In this video, we can see a mix of exotic African charm with a modern flare.

This video emphasizes South African people’s hospitality.

The “It’s Possible” campaign makes travel a communication with the destination that shape the traveler’s identity. This campaign successfully positions South Africa as an exotic escape where travelers can enjoy diverse activities and become empowered from their experiences.

South Korea Finally on Its Way

South Korea currently ranks 44th in FutureBrand’s 2010 Country Brand Index, and 33rd in Anholt-GfK Roper Nation Brands Index. Definitely not a satisfactory record for a country that has risen as a 13th largest economy and successfully hosted the Olympics, World Cup, and G20 Summit. However, I can’t say that South Korea had failed in building a nation brand because it just began working on it.

[G20 Seoul Summit 2010]

Considering the fact that South Korea was one of the most impoverished nations in the world only 50 years ago after Japanese colonization and devastating Korean War, the status of Korea’s nation brand is still a commendable feat.

[South Korean streets after the Korean War]

Consider this. It is a common sense that when you are in an emergency situation, you are not likely to care how you look or what people think about your appearance. When you finally settle of your problem and find yourself in a stable situation, then you look at yourself in a mirror and say to yourself, ‘’Wow..I gotta fix my hair”. This is where South Korea stands right now.

Only two years ago, South Korea officially launched PCNB (The Presidential Council on Nation Branding) with a goal of enhancing its global reputation and the awareness of its culture in the world. Currently, South Korea has developed as a stronghold of trendy TV shows, movies, and music in East Asia. This phenomenon, called Korean Wave or Hallyu, has set fire on Korea’s aggressive cultural expansion. Barack Obama keeps mentioning South Korea as the model of education, democracy, and reconstruction in his speeches the world listens to.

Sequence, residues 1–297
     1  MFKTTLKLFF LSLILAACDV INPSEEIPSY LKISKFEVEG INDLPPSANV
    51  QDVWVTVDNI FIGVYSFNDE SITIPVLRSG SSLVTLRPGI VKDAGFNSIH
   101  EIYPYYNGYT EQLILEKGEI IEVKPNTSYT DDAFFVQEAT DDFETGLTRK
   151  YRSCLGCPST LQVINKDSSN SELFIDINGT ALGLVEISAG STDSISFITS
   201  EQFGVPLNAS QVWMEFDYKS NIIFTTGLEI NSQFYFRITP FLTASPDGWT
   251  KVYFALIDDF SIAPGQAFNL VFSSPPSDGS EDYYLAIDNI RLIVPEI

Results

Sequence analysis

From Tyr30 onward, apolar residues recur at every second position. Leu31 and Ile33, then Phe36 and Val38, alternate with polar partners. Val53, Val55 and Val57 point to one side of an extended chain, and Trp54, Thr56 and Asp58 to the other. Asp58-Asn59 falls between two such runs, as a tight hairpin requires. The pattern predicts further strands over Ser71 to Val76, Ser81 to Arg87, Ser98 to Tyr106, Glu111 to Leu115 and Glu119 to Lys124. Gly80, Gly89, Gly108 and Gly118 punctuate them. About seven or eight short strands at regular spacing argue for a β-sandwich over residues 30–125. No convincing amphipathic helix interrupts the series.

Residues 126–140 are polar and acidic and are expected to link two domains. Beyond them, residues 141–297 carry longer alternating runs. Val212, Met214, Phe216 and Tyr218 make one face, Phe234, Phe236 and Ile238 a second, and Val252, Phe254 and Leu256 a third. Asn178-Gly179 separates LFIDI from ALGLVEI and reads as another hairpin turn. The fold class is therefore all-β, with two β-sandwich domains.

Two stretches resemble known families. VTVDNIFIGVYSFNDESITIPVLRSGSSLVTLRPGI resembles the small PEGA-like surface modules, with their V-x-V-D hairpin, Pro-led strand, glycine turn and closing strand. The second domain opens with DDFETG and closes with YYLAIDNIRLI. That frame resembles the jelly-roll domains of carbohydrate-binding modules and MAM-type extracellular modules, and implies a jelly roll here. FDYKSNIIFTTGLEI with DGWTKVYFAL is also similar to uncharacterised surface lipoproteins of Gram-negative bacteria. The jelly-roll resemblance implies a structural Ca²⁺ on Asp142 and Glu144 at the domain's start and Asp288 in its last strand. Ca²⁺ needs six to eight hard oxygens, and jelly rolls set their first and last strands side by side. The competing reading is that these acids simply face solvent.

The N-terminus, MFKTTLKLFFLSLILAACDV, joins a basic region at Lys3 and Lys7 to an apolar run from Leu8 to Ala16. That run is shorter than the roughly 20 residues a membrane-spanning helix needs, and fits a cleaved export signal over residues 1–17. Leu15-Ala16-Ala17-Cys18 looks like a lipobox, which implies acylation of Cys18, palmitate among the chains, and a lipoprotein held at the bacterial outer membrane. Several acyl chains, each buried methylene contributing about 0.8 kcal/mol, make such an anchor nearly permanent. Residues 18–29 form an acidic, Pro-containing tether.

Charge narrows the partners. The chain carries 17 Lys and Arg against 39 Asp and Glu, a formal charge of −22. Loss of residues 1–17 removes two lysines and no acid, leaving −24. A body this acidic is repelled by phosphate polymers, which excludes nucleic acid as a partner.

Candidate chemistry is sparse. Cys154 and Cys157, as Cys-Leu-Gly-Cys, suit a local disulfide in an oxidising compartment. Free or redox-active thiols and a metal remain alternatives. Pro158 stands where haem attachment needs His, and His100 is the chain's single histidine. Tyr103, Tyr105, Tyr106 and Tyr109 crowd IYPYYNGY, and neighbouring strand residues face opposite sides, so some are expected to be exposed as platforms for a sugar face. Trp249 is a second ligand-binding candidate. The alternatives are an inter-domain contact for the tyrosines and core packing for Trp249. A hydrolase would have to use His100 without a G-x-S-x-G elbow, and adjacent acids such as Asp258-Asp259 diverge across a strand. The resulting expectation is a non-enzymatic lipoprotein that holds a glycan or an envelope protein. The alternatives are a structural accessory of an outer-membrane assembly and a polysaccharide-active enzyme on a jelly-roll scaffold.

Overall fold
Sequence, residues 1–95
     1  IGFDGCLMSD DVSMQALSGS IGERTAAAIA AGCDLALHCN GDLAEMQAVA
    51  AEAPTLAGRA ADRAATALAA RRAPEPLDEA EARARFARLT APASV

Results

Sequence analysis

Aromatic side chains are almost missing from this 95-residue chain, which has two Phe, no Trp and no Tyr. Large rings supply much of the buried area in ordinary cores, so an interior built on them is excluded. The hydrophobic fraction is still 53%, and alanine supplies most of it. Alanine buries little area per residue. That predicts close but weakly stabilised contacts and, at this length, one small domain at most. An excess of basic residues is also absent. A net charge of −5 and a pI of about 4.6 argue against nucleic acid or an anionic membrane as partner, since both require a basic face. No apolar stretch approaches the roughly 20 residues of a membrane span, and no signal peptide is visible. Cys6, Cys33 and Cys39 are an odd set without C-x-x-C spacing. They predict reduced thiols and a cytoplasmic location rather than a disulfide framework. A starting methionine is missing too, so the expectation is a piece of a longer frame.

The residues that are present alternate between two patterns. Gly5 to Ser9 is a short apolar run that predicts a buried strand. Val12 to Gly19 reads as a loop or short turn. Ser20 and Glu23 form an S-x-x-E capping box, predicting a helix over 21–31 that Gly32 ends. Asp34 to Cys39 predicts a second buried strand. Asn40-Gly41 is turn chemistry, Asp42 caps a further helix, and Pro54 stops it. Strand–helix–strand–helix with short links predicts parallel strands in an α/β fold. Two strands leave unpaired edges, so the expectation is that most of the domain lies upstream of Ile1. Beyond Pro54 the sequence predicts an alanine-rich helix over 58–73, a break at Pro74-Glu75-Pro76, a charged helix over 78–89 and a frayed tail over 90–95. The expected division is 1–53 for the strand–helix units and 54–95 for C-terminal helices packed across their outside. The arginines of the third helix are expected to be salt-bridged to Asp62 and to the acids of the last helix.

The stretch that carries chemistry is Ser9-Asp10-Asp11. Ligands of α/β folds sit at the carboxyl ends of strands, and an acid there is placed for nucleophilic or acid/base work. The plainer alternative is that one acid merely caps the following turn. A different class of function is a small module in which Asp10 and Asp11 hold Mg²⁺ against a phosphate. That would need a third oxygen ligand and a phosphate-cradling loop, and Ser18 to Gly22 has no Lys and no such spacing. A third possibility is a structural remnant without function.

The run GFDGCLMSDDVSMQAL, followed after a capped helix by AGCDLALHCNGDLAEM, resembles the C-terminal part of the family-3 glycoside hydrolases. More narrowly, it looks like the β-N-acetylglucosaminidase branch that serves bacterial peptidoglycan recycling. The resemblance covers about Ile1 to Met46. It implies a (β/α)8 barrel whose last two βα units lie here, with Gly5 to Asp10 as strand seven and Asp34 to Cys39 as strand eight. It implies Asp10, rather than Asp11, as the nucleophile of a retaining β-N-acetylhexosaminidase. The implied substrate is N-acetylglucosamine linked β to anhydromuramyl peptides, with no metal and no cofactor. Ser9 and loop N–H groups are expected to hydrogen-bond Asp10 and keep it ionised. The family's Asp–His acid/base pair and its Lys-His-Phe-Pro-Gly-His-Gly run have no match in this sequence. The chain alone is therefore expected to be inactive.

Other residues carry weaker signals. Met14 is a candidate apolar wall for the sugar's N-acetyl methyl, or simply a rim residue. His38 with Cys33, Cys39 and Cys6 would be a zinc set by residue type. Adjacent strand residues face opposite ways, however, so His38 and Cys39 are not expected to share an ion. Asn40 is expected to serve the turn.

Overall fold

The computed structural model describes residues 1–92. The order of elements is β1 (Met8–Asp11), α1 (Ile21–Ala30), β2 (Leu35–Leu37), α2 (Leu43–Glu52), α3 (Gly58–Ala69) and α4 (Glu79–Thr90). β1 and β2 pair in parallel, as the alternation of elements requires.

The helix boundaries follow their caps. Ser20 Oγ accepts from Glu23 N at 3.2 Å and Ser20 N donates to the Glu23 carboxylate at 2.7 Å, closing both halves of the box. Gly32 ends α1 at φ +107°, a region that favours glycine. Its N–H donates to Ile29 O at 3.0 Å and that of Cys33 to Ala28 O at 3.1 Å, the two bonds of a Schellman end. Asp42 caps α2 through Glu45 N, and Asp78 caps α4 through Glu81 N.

[The Tokyo Statium with 50,000 Japanese fans gathered up to meet Korean actor Yong-Joon Bae who greeted his fans in the air baloon]

South Korea indeed has a lot to work on and need a sense of urgency in building a solid public relations strategy. If not, South Korea will remain as a ‘developing country’ to the eyes of the world. Especially in terms of its astonishing history, including the ancient civilizations and kingdoms (with many, many interesting facts and tales that are equally captivating as those of Maya, Rome, and Egypt), Hwarang (an elite group of young warriors of Silla Dynasty), and the independence movement against Japan (a great background source for thousands of potential movies and novels) will continue to go unnoticed by a majority part of the world.

[Modern enactement Hwarang escourting their Queen in Korean TV show]